Protesters calling on mayor to invest in resources working to close Rikers Island instead of DOC budget
Advocates and elected officials rallied outside of City Hall on Friday to call on the mayor to invest in community organizations and resources that work towards closing Rikers Island, instead of putting more money into the budget of the Department of Correction.
They want the city’s money to go toward groups that assist incarcerated people instead of the DOC, making their voices heard ahead of the City Council’s hearing to discuss the proposed 2024 budget on Friday.
“We can prevent the deaths on Rikers Island by making sure that the right investments are put where they need to be,” said Andre Ward, associate vice president of the David Rothenberg Center for Public Policy at The Fortune Society.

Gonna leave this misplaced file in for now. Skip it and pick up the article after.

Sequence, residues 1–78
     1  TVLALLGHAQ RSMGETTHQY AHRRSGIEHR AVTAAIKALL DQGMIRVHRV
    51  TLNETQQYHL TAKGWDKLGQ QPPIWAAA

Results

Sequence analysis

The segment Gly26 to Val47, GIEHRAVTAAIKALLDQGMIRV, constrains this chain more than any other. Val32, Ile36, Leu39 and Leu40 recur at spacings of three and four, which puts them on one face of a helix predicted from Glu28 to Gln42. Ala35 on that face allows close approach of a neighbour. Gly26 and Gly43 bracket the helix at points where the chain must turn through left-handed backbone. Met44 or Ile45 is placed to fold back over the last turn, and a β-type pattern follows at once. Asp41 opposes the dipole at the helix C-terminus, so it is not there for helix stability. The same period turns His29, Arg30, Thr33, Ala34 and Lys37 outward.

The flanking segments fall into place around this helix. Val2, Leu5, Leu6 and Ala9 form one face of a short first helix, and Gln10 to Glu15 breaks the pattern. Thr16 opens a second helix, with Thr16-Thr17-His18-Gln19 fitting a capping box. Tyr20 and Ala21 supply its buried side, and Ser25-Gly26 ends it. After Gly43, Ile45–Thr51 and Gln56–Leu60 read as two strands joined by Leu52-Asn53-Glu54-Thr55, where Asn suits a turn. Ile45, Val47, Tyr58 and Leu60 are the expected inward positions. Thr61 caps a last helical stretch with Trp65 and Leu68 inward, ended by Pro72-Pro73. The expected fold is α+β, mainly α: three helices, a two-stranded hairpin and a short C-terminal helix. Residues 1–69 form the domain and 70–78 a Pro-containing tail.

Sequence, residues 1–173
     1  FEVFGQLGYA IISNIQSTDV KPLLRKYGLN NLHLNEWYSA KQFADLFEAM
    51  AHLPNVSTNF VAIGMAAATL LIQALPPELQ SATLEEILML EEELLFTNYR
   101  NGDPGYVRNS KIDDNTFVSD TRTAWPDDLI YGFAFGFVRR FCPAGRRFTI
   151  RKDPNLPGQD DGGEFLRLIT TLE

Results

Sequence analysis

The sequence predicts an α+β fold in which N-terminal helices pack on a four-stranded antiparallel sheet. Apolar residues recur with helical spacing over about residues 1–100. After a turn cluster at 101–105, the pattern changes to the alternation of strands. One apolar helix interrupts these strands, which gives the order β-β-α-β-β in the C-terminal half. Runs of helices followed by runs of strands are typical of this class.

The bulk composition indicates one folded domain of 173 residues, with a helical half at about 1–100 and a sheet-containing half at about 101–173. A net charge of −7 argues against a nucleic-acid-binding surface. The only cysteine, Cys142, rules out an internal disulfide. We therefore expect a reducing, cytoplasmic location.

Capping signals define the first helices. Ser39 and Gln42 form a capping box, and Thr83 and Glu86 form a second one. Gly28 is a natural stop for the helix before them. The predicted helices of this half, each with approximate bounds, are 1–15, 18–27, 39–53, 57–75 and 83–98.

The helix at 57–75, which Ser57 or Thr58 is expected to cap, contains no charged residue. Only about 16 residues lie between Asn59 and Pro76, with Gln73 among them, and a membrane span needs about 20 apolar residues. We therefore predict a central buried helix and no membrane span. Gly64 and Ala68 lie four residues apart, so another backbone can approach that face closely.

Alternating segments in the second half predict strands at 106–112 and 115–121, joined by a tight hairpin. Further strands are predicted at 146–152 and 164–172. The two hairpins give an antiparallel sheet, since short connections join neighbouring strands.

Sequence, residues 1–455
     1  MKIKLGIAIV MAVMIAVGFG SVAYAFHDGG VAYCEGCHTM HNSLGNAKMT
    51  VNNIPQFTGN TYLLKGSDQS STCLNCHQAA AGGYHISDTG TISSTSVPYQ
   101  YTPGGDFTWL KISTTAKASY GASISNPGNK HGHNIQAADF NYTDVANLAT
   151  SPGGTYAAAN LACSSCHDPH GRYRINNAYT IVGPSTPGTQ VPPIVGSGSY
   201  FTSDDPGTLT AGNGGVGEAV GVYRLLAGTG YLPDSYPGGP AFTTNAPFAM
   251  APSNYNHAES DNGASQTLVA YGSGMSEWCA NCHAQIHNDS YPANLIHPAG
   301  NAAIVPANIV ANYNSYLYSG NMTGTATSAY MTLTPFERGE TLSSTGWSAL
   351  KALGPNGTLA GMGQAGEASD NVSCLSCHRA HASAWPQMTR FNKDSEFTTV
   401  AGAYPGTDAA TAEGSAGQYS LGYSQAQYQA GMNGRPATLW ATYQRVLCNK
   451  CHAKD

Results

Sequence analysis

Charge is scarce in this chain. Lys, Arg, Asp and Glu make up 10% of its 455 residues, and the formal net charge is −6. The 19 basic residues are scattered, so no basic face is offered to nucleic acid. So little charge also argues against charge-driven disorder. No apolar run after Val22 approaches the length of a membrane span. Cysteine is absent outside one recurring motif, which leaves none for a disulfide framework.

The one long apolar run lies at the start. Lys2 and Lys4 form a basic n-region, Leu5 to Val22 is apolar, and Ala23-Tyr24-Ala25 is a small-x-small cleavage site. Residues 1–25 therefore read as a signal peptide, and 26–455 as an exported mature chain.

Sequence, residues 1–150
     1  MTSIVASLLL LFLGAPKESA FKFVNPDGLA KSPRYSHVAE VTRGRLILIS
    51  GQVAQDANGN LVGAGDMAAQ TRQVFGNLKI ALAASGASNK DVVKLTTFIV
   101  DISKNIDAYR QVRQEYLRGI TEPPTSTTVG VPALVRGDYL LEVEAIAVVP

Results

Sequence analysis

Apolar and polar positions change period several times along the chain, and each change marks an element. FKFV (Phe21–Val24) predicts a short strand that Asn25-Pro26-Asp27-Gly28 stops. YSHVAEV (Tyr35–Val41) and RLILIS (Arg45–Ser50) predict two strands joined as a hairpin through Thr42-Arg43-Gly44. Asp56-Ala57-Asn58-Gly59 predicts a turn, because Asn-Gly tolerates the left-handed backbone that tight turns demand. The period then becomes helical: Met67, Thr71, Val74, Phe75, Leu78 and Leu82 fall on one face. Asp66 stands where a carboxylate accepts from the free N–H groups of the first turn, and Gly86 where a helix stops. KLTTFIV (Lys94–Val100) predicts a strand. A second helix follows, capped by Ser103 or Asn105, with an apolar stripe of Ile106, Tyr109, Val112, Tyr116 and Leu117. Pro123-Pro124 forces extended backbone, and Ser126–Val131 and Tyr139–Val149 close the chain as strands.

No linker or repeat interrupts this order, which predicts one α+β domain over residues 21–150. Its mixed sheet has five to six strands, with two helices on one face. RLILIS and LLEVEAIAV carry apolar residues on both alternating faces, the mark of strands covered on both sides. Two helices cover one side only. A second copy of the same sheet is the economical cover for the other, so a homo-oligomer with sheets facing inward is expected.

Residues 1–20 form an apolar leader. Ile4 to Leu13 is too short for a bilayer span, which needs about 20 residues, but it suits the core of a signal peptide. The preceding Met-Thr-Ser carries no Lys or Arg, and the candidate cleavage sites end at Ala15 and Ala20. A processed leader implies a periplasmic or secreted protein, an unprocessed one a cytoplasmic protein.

This week, Rubu Zhao became the second person to die at Rikers Island in 2023, according to the DOC. Over 20 people have died in the jail between 2021 and now.
The proposed DOC budget for 2024 is $1.17 billion, including a $17 million cut to providers like Osborn Association – one of the many who offer housing, employment, and re-entry resources to incarcerated persons and those impacted by criminal justice.
Council members say it’s time for the city to end this massive humanitarian crisis.
“It can start by closing Rikers, it can start by providing services and supporting the organizations and continuing the funding of those that are doing that work every day,” said Council Member Shekar Krishnan.
These advocacy groups are calling on all of their supporters to come out to Foley Square on Wednesday, May 24 at 5 p.m., where they will march to City Hall in a continued protest of the mayor’s 2024 proposed DOC budget.